How To Find Lasting Love
Exploring the right path to ever-lasting love.
Relationships 21st Dec, 2020
Many people look for love as they reach adulthood. Regardless of sexuality, we are all socially conditioned to get married and settle down. Lasting love though starts with being comfortable in your own skin and the ability to be happy alone. You really don’t need someone else to make you whole. Finding peace within yourself is far more healthy, in the long term, than looking for love. Eventually, when you do meet someone, the task of comfortably adding each other to your lives becomes the reality as opposed to trying to complete each other.
A good place to start is by working on yourself. If your primary motivation to find a partner is derived from low self esteem, every day over a six week period write down something complimentary about yourself. It can be an aspect of your personality, your appearance, or something you’ve done that you’re proud of. Keep it simple, for example, ‘I like my long eyelashes’ or ‘I’m kind’. This could help you learn to love yourself. In addition, you could talk to someone, or take advantage of the many internationally recognised resources like the Samaritans self-help app here.
Another block to lasting love is constantly comparing past and present relationships. Although somewhat inevitable, endlessly comparing each detail and dwelling on the past detracts from enjoying the present. Perhaps you have that one perfect ex that you compare everyone new to, if so, be honest with yourself about why that relationship ended. If you were the one who walked away, remember why. Maybe they weren’t so perfect after all. If you think you were the main reason that relationship ended, work through your reasons. We all make mistakes and there were two people in that relationship. Take all the time you need, talk to your friends, family, or therapist if you have one, then start to move on and forgive yourself if necessary.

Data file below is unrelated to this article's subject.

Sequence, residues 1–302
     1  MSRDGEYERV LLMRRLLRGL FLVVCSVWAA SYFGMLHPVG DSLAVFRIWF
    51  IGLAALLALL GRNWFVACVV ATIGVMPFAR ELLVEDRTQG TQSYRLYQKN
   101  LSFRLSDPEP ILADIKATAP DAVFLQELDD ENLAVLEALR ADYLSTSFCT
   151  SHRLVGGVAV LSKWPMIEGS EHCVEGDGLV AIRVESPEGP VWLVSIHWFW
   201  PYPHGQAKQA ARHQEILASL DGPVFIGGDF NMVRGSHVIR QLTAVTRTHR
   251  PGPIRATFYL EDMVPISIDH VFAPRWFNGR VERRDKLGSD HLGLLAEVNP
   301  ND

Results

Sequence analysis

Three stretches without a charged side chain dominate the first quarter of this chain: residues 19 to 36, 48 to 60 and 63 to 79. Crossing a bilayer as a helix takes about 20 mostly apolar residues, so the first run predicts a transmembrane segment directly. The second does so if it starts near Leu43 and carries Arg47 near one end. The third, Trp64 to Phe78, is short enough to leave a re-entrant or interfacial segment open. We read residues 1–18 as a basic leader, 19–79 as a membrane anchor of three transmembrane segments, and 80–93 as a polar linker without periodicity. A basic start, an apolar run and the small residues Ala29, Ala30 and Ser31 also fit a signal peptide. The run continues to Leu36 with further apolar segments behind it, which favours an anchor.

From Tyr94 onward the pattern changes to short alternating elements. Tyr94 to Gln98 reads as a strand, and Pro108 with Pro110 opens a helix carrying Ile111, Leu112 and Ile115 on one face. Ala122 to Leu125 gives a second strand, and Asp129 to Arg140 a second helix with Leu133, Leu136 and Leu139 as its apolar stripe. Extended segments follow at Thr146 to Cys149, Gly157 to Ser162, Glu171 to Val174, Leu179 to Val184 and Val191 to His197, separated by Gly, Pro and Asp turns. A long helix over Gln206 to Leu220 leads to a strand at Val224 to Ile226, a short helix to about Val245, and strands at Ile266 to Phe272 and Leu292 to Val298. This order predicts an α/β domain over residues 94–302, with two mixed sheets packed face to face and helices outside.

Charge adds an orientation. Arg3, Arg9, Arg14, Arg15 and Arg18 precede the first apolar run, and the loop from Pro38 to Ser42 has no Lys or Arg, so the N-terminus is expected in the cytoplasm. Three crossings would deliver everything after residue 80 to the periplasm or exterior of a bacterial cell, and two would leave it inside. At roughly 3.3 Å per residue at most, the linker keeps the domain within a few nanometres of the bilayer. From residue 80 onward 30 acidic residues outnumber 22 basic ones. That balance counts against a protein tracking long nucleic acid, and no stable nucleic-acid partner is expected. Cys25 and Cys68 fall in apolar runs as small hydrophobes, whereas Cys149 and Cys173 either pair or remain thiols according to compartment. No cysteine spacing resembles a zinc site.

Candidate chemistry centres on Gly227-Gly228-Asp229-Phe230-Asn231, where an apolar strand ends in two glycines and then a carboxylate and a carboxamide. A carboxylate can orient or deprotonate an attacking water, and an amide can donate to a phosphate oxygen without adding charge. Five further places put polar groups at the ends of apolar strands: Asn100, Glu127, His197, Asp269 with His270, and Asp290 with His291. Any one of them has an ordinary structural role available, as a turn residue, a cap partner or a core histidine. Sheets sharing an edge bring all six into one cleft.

You could also start to recognise the stories you tell yourself about your relationships. These generally revolve around your hopes and fears: ‘I always push to move in too fast’ or ‘I get bored/the sex gets boring and that’s why I don’t commit’. These are both common stories. Try to figure out what yours is, then challenge it. The next time you meet someone, watch as the story crosses your mind and then wave it out the door.
The final piece is to take pressure out of the equation. If you believe your whole future is riding on every date, then you aren’t leaving any space to relax, have fun and get to know the other person. If you are nodding to yourself now and recognise this as something you do, then remember that, the next time you go on a date. Understand also that not every date works out. This person may be your new best friend, not a partner, or perhaps you never want to see them again! Either way, you’ve learned something and met someone new. Holding onto that thought, not the ones about a future together (there’s time for that), could allow you to stay in the present.
In the long run, if you learn to love yourself, then you can find lasting love with someone else. Try out a few, or all of these tips, see where they take you, then, next time you meet someone, start to put them into practice and see where it takes you. It’s important not to put pressure on yourself. See where this new self-knowledge and self-love takes you.